There are other parts of the game which are confusing.  The crafting isn’t all that useful, as I rarely came across ingredients for potions and recipes I had.  Sometimes the wording of quests is vague and can lead to you wandering around areas searching for the person to speak to or item to interact with.  Even when you are speaking with the right person it isn’t always clear how you are supposed to interact with them or what exact line of dialogue needs to be said in order to trigger moving forward in the quest.  Many of the puzzles also feel the same way.  There is one section where items weighing the exact right amount must be placed on a series of switches around the room.  While activating the switches was a fairly obvious step, I spent half an hour simply experimenting with different weights, trying to figure out the puzzle.  There are also stealth sections where you have to execute in near-perfect fashion with movement controls that are clunky.  In a game about interaction, exploration, and freedom, being stuck because you aren’t interacting with the environment in a very specific way feels like a contradiction.

The benefit to being released on Steam Early Access back in January, with a built-in fan-base thanks the Kickstarter campaign, is the community around Original Sin is positively thriving.  So if you’re stuck on a tricky spot, or need some guidance on how to progress through the game, the community has an answer to your question.  It serves as proof for how many people are running into trouble, but also serves to make sure players can navigate their way through the game’s vague design.

The story of Divinity: Original Sin is stereotypical fantasy fare.  You play as a Source Hunter, an order which battle Sourcery and the powerful magics which accompany it. While investigating a simple murder, you stumble upon a dark conspiracy that could spell the end of the world.  You battle orcs, goblins, trolls, the undead, and cultists as you save good guys and kill bad guys.  Divinity: Original Sin does some interesting things with dialogue as the game provides two different playable characters.  You can make these characters get along or argue with each other, as well as interact unqiuely with other characters.  While it is a interesting concept, it rarely feels like the idea pays dividends.  If your characters disagree on a situation, a game of rock, paper, scissors is used to determine how you proceed.  So having two characters with different morals means a lot of decisions will be made at random.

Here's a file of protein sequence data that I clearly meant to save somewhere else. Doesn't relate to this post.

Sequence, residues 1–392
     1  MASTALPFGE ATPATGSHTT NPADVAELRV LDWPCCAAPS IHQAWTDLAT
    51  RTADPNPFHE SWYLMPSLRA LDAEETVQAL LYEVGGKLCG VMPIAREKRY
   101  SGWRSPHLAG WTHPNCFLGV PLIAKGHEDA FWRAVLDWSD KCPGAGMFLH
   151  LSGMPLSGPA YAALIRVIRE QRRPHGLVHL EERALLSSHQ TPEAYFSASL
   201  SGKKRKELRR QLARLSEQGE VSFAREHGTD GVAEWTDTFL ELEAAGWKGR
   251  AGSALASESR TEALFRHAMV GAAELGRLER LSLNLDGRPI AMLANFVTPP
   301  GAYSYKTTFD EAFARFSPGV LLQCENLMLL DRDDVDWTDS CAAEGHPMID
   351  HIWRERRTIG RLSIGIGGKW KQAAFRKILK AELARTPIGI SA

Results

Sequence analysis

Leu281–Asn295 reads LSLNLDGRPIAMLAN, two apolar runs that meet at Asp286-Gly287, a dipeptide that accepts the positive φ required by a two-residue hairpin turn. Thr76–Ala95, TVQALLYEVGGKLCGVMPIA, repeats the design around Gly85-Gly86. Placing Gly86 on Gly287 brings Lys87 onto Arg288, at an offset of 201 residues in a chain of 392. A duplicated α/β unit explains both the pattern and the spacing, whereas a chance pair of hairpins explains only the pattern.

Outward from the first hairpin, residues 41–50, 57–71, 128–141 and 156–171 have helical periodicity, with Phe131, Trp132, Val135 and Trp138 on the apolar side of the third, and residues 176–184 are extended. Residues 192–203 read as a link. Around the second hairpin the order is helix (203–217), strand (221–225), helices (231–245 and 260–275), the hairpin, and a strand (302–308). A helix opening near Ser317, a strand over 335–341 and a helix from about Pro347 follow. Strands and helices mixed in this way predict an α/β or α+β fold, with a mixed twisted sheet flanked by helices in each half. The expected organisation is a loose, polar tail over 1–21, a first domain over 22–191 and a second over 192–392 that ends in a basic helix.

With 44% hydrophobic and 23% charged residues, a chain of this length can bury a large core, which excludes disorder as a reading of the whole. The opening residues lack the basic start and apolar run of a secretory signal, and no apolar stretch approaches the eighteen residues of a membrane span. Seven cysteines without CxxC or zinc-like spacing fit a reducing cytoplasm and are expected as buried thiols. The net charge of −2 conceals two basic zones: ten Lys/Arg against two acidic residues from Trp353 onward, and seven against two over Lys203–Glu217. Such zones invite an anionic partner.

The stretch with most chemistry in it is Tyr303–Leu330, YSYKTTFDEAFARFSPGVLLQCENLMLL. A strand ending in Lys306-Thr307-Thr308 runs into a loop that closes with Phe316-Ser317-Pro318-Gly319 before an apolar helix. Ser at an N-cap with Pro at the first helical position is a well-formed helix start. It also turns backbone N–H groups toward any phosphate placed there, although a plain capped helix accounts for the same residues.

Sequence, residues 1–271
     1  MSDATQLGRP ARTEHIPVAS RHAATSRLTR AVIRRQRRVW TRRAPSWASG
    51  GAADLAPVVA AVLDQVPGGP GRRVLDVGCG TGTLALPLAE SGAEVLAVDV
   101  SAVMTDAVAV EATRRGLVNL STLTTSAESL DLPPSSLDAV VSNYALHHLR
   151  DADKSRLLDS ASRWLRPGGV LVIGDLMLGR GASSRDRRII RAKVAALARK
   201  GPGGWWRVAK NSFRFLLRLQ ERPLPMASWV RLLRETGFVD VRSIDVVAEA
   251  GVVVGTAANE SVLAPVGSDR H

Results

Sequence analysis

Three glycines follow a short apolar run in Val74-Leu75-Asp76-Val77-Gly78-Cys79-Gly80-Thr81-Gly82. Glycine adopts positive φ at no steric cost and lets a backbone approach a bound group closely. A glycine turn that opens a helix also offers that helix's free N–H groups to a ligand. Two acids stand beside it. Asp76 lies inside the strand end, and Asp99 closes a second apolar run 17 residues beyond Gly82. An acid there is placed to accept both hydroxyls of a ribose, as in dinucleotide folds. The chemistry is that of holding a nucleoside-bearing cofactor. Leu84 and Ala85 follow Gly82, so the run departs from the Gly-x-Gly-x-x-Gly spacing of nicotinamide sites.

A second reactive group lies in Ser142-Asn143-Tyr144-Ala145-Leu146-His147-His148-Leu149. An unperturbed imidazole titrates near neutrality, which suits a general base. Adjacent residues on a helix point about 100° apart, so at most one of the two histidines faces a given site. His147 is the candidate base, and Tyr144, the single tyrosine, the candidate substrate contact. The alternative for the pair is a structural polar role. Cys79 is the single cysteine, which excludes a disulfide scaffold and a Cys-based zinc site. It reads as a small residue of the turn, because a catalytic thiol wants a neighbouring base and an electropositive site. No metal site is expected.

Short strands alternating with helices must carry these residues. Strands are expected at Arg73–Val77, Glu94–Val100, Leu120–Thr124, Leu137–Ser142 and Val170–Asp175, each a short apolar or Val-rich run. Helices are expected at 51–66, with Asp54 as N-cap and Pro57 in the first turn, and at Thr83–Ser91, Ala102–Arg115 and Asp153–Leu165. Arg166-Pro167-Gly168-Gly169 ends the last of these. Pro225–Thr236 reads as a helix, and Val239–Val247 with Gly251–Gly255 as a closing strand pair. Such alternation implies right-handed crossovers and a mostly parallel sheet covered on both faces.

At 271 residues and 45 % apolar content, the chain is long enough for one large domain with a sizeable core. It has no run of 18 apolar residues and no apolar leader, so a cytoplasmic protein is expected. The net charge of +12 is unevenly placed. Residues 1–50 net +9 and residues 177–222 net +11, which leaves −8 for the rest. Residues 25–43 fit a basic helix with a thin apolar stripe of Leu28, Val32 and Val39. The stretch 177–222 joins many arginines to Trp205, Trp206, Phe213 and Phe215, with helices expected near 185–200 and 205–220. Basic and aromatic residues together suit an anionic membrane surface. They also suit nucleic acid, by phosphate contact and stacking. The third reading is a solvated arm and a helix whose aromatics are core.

Conversations are jam-packed with lore, exposition, and flavor text, but skimming these talks isn’t advisable as embedded in the text-heavy dialogue is likely an important hint about your next objective.  The dialogue could use some  cuts, and the game’s play-time runs anywhere from 40 to 60 hours, making it feel a little on the long side as it doesn’t have enough variety in its content to really justify the lengthy playthrough.

Aesthetically, Divinity is hit-and-miss.  The settings of the game look beautiful, sporting a hybrid between the isometric look of such classics as Baldur’s Gate and the slightly exaggerated fantasy styling of Fable or World of Warcraft.  The flavor of the world pays homage to many other fantasy franchises, packed with references you will likely recognize.  The game is also scored with some interesting pieces of music which attempt to capture the game’s epic scope, but with over 40 hours of game to fill, these tracks quickly get redundant.  Aside for fragmented spoken dialogue popping in now and again, you probably won’t worry too much about being engaged in the aural ambience of Original Sin.  While the game looks and sounds interesting at first, it does little to keep you engaged as you trudge through the latter hours.

Divinity: Original Sin has a lot of good ideas and mechanics which serve a specific audience. For players who like to interact with everything, explore everywhere, and speak with everyone, you are going to find a crazy amount of content to indulge in.  Not all of the content is well-explained or interesting, but when the roadblocks of Original Sin rear their ugly head, you can usually find help from the vibrant community which has flocked to the Divinity’s hardcore RPG systems.  There are tricky puzzles, annoying difficulty spikes, and unexplained mechanics, but devout fans of fantasy RPGs will likely find something to love in Original Sin.